Google is working on a new system to protect user accounts. The company will encrypt users’ cookies, and the encryption key will be stored on their devices, PCMag reports.

Stealing a password is not the only way an attacker can gain access to an account. Malware can also steal browser cookies to hijack login sessions. Now, Google is trying to prevent this threat with a new prototype feature for the Chrome browser.

The system is called Device Bound Session Credentials and will use encryption to prevent hackers from obtaining account login credentials through cookie theft. The goal of the project is to make it an open web standard.

Internet cookies are essentially text files that a browser uses to remember settings on a website, including authentication and keeping a login session active. The problem is that cookies can be easily stolen if malware has already compromised the victim’s computer.

“Cookie theft like this happens after login, so it bypasses two-factor authentication and any other login-time reputation checks,” said Google software engineer Kristian Monsen in a blog post. “It’s also difficult to mitigate via antivirus software since the stolen cookies continue to work even after the malware is detected and removed.”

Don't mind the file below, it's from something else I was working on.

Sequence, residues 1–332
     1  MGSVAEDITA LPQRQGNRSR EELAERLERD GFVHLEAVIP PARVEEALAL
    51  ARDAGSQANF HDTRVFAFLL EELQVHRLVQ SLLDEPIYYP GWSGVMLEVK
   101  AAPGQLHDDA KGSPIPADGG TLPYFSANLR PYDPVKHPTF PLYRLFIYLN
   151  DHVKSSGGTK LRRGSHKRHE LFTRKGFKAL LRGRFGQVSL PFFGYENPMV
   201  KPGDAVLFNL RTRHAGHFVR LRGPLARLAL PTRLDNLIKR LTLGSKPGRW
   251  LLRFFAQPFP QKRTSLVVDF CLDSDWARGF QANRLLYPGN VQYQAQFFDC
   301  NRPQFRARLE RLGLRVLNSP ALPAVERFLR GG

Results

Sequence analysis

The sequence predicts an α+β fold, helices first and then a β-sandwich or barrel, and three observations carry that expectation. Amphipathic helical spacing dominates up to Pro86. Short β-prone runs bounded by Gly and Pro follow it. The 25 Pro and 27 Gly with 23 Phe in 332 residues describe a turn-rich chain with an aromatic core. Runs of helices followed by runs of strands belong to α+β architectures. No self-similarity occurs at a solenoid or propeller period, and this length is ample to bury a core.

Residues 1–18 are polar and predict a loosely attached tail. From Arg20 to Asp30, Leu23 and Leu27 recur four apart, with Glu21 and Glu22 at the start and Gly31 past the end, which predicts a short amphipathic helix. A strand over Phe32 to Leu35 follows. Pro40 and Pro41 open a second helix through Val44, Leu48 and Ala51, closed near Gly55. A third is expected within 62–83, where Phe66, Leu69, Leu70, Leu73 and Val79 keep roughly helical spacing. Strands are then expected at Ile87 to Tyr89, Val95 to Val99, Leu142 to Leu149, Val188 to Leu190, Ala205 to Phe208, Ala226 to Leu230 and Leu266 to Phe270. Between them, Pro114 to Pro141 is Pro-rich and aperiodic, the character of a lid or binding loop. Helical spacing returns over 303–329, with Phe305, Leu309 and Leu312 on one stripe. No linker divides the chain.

In response to this, Google is working to tie authentication cookies to the user’s computer. To do this, the company wants to encrypt cookies and store the decryption key on the same device.

To protect the encryption keys, Google will store them in the TPM chip of a Windows computer, which is specially designed to store cryptographic keys and confirm the integrity of operating systems. The same chip has also become a requirement to run Windows 11.

The website will be able to validate the authentication cookie by using the API to verify the legitimacy of the encryption key for the login session.

The company plans to develop the so-called DBSC system openly on GitHub as a public project. And it has already launched a DBSC prototype as an experiment to protect some Google account users using the beta version of Chrome.